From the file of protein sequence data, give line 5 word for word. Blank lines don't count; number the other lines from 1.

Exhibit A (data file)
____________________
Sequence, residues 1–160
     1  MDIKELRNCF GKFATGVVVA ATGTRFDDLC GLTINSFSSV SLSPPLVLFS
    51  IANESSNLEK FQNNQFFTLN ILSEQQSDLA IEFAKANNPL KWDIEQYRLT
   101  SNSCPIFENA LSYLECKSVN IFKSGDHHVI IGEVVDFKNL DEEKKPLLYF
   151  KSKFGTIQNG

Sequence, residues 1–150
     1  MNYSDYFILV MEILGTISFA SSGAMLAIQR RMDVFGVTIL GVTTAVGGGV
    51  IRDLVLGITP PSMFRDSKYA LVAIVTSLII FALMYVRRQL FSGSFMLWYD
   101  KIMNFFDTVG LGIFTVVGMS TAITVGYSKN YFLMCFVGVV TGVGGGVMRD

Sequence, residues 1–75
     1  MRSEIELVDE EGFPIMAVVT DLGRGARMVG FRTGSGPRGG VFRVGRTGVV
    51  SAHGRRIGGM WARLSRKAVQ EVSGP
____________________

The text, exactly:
   151  KSKFGTIQNG